Skip to content

Ruling to dismiss criminal charges because Crown lawyer missed flight quashed on appeal

Judge says missed flights ‘not taken lightly’ but ‘to err is profoundly human”

An NWT court has quashed a judge’s ruling to dismiss indictable charges against the majority of 14 people because a prosecutor missed her flight.

On Nov. 9, 2020, Crown prosecutor Mina Connelly didn’t make it on board her early-morning flight to Hay River. She called ahead to inform justice officials that she’d missed the flight to Hay River and to arrange to represent the Crown over the phone.

Gunn received an email shortly afterwards advising that the judge refused her request.

When court opened, NWT court judge Donovan Molloy asked whether there was anyone appearing on behalf of the Crown.

An RCMP constable responded: “No, your honour. I was advised I’m representing the Crown today.”

“Really,” the judge responded.

The officer continued, “As they were not able to make it on time.”

“Can I see your designation from the attorney general,” the judge asked.

The officer replied: “Sir I do not — I’m a constable here.”

“Well, step back then, sir,” Molloy said.

The officer thanked the court and stepped back.

“So, for the record, the Crown attorney that was supposed to be here today missed the plane,” the judge said.

He went on to list other, recent instances where Crown prosecutors failed to appear in court when scheduled because they missed their flight: once on On Oct. 5, once on Oct. 19, and the fourth on same day as Connelly, Nov. 9.

Molloy dismissed the charges against those accused that day for want of prosecution — there was no on present in the court who could legitimately represent the Crown.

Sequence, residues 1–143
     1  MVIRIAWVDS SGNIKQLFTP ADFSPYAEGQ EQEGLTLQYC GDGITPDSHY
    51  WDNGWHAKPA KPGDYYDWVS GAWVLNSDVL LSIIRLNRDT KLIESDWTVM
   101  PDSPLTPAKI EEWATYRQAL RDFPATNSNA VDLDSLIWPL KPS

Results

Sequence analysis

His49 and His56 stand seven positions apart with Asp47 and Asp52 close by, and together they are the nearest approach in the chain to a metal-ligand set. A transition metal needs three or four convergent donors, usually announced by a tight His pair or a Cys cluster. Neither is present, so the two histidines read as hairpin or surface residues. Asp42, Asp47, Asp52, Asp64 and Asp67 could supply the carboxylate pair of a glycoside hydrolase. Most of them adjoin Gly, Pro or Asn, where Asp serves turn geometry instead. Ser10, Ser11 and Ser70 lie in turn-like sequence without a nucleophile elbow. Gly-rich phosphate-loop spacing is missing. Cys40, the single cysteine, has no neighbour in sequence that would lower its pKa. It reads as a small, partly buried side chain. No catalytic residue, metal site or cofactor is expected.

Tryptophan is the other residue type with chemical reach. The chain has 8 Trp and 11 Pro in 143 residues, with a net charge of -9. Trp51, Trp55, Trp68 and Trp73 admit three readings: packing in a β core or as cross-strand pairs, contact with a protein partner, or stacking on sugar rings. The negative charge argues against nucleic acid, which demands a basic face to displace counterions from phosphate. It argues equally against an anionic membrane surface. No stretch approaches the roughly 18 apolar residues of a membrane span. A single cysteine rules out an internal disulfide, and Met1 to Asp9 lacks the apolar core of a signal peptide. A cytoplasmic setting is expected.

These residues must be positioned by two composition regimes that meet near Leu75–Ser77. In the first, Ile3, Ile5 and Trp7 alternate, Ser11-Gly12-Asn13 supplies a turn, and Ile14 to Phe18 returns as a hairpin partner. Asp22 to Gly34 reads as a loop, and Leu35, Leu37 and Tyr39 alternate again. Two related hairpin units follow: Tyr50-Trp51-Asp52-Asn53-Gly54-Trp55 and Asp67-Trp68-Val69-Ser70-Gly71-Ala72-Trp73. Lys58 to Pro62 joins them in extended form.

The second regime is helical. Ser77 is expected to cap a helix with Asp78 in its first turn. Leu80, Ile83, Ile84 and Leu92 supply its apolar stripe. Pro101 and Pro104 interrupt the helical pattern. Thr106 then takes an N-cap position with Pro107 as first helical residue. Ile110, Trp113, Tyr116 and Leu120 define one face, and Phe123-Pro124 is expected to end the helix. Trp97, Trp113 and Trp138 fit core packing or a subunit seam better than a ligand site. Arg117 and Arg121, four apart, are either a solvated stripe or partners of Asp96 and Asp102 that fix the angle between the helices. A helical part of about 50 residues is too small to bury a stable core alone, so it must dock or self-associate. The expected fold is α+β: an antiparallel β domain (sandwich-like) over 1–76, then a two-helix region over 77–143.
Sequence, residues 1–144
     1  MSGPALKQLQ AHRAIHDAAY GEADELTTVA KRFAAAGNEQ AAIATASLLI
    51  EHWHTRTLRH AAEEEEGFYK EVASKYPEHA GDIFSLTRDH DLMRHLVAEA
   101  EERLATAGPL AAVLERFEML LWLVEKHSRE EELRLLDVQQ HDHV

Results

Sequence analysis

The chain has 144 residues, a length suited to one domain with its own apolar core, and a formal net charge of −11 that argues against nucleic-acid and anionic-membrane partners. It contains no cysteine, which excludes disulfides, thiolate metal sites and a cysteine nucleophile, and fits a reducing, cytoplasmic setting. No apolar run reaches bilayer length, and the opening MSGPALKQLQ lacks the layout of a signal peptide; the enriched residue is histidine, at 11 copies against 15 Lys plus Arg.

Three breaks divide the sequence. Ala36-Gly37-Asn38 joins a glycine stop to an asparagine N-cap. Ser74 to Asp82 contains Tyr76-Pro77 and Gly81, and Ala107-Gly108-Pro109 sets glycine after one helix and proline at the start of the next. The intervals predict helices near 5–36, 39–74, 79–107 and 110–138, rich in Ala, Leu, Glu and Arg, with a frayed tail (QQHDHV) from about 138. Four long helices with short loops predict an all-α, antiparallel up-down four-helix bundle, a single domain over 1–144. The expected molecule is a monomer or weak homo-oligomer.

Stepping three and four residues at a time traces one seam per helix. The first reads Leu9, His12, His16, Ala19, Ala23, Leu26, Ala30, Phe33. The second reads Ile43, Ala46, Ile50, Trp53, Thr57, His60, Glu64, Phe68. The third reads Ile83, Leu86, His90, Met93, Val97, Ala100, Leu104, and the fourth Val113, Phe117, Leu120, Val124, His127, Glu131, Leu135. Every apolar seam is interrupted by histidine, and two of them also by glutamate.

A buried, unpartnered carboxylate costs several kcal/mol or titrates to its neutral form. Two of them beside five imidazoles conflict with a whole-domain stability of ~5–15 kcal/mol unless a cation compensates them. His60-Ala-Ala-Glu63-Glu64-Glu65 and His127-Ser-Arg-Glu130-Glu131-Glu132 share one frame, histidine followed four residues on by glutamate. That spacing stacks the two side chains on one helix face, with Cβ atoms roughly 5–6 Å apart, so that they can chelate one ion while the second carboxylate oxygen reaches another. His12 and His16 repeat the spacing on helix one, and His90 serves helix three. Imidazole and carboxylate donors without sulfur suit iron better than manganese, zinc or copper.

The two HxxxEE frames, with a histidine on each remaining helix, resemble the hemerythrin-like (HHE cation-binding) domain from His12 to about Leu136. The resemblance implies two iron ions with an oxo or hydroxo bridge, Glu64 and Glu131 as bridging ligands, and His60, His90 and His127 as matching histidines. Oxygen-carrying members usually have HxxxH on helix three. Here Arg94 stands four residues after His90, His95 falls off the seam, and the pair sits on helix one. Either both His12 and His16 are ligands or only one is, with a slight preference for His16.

The Crown appealed the rulings and on Oct. 15 justice Louise Charbonneau ruled to allow the appeal.

Charbonneau concluded the decision to dismiss the matters for want of prosecution could not stand and quashed the dismissals, according to her written decision, filed Oct. 15.

She called the decision to exclude the prosecutors without offering a chance for them to state their circumstances for the record, “problematic.”

“He clearly wanted to send a strong message to the Crown’s office,” it reads, referring to Molloy.

It would appear they got the message: since Molloy dismissed the cases, the Crown’s office implemented a policy requiring prosecutors to be at the airport no later than 75 minutes before their flights.

Charbonneau stated that Molloy appeared not to have considered any factors beyond the inconvenience the string of missed flights caused the court. She listed the interests of complainants, public safety and overall public interest as other considerations Molloy should have weighed.

She tempered her ruling by noting that she doesn’t take the missed appearances lightly and said it was puzzling how it happened on three occasions before this action was taken.

“My conclusions should not be taken as making light of the fact that several prosecutors missed flights in a short time span,” her decision reads.

She added that is normal to make mistakes but it’s in learning from them that we improve.